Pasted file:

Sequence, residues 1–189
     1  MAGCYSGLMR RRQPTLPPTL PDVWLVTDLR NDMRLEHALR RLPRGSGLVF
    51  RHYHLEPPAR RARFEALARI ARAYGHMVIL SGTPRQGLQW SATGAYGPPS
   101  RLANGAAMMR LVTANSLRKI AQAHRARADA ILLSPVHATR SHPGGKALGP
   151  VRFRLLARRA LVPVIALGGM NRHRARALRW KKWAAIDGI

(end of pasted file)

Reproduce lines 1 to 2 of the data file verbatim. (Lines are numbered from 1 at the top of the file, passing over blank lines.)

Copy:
Sequence, residues 1–189
     1  MAGCYSGLMR RRQPTLPPTL PDVWLVTDLR NDMRLEHALR RLPRGSGLVF